It comes with 4 tracks that can be combined to allow for 100” of cutting capacity, so that’s good.
But it has no built in clamp. It claims to have a no-slip grip so clamping is not required, but I have my doubts and would be much more confident in the cut if it were being securely held in place with some sort of clamping.
And this is not a precision tool. Across the length of an 8’ sheet of plywood, it has a 1/16” tolerance. This is ok for construction, but not acceptable with furniture projects.
I would only suggest this system if you already have a circular saw, you’re on a tight budget, and are only working with smaller pieces of plywood.
I would then view this as a tool to initially break down your plywood, so long as you intend on running the smaller pieces through your table saw to finish them up.
In that case, this economical version would be well worth it to make quick work of breaking down large sheet material.
Panel Pro Vertical Panel Saw
As far as tools for cutting plywood, the panel saw is kind of the pinnacle of choices. It’s a professional grade tool, but still used and appreciated by hobbyists.
This particular panel saw is one of the most economical options on the market today. In fact, while writing this, it was the lowest priced panel saw I found.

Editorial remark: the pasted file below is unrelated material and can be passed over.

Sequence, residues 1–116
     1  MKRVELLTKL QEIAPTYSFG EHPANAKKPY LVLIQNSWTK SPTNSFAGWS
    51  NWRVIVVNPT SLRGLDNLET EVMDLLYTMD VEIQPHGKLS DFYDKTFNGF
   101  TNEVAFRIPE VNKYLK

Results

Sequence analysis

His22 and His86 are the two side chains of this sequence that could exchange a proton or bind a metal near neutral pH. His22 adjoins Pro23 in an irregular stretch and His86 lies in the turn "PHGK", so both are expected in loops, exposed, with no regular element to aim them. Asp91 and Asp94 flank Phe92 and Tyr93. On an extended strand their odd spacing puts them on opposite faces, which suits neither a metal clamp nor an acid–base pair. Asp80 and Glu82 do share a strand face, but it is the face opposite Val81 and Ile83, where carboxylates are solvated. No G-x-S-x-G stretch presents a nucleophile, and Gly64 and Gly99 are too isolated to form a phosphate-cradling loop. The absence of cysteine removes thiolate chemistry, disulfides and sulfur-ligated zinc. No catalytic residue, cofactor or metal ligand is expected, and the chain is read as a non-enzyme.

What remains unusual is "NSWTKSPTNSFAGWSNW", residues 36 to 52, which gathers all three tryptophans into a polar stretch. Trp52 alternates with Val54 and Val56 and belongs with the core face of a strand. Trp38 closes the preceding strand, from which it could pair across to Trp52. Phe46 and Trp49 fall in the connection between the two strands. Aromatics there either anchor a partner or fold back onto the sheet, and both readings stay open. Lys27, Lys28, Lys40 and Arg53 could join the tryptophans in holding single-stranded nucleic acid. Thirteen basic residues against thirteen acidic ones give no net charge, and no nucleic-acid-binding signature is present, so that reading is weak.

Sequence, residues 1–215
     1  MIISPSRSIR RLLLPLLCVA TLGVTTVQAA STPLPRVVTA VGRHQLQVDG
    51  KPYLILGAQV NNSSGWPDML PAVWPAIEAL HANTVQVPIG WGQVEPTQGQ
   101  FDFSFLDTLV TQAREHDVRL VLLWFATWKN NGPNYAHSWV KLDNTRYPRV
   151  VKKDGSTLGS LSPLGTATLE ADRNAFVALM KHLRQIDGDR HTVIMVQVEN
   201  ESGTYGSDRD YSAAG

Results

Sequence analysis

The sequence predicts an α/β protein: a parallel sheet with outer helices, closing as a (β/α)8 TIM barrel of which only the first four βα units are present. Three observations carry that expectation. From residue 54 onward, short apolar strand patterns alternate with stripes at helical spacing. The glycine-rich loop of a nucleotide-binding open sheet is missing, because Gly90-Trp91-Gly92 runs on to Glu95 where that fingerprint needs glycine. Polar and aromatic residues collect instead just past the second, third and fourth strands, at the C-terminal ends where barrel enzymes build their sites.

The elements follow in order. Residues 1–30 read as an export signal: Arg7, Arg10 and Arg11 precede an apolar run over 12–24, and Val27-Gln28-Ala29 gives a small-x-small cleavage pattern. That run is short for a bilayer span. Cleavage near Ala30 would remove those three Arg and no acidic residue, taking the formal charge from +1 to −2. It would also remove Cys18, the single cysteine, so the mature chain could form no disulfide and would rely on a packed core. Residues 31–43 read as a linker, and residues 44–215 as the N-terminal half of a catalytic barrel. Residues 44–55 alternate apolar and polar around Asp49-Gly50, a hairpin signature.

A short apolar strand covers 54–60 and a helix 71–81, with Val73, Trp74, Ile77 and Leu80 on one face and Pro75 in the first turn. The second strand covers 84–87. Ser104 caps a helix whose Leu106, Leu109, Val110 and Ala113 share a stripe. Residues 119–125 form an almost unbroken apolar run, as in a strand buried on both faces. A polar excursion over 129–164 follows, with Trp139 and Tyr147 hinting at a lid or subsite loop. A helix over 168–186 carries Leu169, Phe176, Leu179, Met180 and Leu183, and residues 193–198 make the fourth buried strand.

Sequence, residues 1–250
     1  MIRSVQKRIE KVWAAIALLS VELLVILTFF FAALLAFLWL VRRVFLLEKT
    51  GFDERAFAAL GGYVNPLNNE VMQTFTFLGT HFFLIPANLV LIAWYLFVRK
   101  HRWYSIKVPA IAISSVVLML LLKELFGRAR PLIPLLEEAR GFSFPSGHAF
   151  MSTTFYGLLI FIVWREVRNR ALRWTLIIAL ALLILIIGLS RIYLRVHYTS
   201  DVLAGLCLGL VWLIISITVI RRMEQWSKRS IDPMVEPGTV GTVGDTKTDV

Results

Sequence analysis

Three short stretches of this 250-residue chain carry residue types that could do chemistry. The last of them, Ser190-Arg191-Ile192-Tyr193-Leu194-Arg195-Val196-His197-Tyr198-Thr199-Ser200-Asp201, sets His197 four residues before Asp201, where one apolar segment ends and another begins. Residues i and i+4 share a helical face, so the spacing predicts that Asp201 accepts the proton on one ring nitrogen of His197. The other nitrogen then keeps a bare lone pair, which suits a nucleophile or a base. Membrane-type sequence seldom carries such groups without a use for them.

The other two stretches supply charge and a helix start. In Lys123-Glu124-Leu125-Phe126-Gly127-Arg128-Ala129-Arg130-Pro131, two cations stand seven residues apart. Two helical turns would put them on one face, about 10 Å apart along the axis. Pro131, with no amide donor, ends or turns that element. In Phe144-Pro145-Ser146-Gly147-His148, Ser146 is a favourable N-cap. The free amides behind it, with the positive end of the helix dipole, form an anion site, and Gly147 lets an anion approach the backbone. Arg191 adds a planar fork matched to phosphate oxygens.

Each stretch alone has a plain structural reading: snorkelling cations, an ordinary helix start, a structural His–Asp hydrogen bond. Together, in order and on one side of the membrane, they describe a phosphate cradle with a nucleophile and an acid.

It’s got some very interesting features as well, but a mixed bag of positive and negative reviews.
This panel saw is a vertical type that leans back on a kickstand, and also has casters to be easily rolled around your shop.
Without the extension support wings (which can easily be removed when not using), this saw will fit in the back of a pickup so it can be hauled to a job site if needed.
Many panel saws are designed to only cross cut a sheet of plywood.
My favorite part about this panel saw is that you can lock the blade into position on the guide rails, rotate the blade 90 degrees, and then you can push the plywood through the cut lengthwise, sliding it along the support wings.
This means you can rip cut a full sheet of plywood.
That feature alone, to me, makes this a strong competitor in the panel saw market, especially with the low price tag.
And in reality, it’s a simple machine with a few steel parts and a motor, so even if it’s not built to the same quality as a milwaukee panel saw at twice the price, it’s completely possible to fine tune and adjust until it’s as accurate as you need it.
My Methods For Breaking Down Plywood
I love working with plywood, and in a few years, a cool panel saw like the one above may be something I’ll consider.
But for now, I just can’t justify giving up that kind of floor space in my already-cramped garage wood shop.
I’ve made my share of tool investments, but a track saw or a panel saw just hasn’t “made the cut” (pun intended) for me yet.
Instead, I tend to make use of my circular saw, jig saw, and table saw as needed for the project, and I’m happy with my results so far.
So check out this post here to learn how I personally handle and break down sheet goods in my wood shop.